ATO take ‘gloves off’ on overseas income

ATO take ‘gloves off’ on overseas income

Five years ago, the Australian Taxation Office (ATO) offered a penalty amnesty on undisclosed foreign income. Five years on, the ATO has again flagged that underreporting of foreign income is an issue but this time the gloves are off.

How you are taxed and what you are taxed on depends on your residency status for tax purposes. As tax residency can be different to your general residency status it’s important to seek clarification. The residency tests don’t necessarily work on ‘common sense.’ For tax purposes:

Australian resident – taxed on worldwide income including money earned overseas (such as employment income, directors fees, consulting fees, income from investments, rental income, and gains from the sale of assets).

Foreign resident – taxed on their Australian sourced income and some capital gains. Unlike Australian resident taxpayers, non-resident taxpayers pay tax on every dollar of taxable income earned in Australia starting at 32.5% although lower rates can apply to some investment income like interest and dividends.

There is no tax-free threshold. Australian sourced income might include Australian rental income and income for work performed in Australia.

Temporary resident – Generally, those who have come to work in Australia on a temporary visa and whose spouse is not a permanent resident or citizen of Australia. Temporary residents are taxed on Australian sourced income but not on foreign sourced income. In addition, gains from non-Australian property are excluded from capital gains tax.

Just because you work outside of Australia for a period of time does not mean you are not a resident for tax purposes during that period. And, for those with international investments, it’s important to understand the tax status of earnings from those assets. Just because the asset might be located overseas does not mean they are safe from Australian tax law, even if the cash stays outside Australia. Don’t assume that just because your foreign income has already been taxed overseas or qualifies for an exemption overseas that it is not taxable in Australia.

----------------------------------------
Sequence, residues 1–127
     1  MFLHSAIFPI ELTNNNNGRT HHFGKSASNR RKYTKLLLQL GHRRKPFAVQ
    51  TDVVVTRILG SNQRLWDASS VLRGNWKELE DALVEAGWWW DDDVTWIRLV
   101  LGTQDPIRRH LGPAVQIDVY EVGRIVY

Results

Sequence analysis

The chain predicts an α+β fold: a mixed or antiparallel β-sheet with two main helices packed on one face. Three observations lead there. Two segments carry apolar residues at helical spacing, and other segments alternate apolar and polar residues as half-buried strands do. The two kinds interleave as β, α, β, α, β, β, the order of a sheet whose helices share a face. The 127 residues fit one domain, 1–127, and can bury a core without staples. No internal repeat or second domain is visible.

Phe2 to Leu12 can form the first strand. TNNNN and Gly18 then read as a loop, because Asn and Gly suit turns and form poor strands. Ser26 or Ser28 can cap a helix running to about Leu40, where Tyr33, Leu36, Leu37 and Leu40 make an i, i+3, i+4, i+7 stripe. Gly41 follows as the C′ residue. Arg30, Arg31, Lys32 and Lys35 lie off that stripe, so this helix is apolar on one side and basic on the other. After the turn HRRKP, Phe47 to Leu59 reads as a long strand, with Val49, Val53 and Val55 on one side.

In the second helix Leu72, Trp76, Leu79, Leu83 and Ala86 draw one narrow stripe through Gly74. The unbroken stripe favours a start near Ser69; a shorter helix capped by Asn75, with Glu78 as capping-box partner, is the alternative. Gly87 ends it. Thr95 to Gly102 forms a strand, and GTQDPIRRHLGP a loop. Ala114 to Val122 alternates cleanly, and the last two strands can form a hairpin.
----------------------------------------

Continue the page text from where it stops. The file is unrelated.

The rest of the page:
How your money is being tracked

A lot of Australians have international dealings in one form or another. The ATO’s analysis shows China, the United Kingdom, Switzerland, Singapore and the United States are popular countries for Australians.

The ATO shares the data of foreign tax residents with over 65 foreign tax jurisdictions. This includes information on account holders, balances, interest and dividend payments, proceeds from the sale of assets, and other income. There is also data obtained from information exchange agreements with foreign jurisdictions.

In addition, the Australian Transaction Reporting and Analysis Centre (AUSTRAC) provides data to the ATO (and the Department of Human Services) on flows of money to identify individuals that are not declaring income or paying their tax.

It’s not uncommon for taxpayers to forget to declare income from a foreign investment like a rental property or a business because they have had it for a long time and deal with it in the local jurisdiction with income earned ‘parked’ in that country. However, problems occur when the taxpayer wants to bring that income to Australia, AUSTRAC or the ATO’s data matching picks up on the transaction and then the taxpayer is contacted about the nature of the income. If the income is identifiable as taxable income (for example, from a property sale or income from a business), you can expect the ATO to look very closely at the details with an assessment and potentially penalties and interest charges following not long after.  There is no point telling the ATO the money is a gift if it wasn’t, they can generally find the source of the transaction and will know it’s not from a very generous grandmother – misdirection is only going to annoy them and ensure that there is no leniency.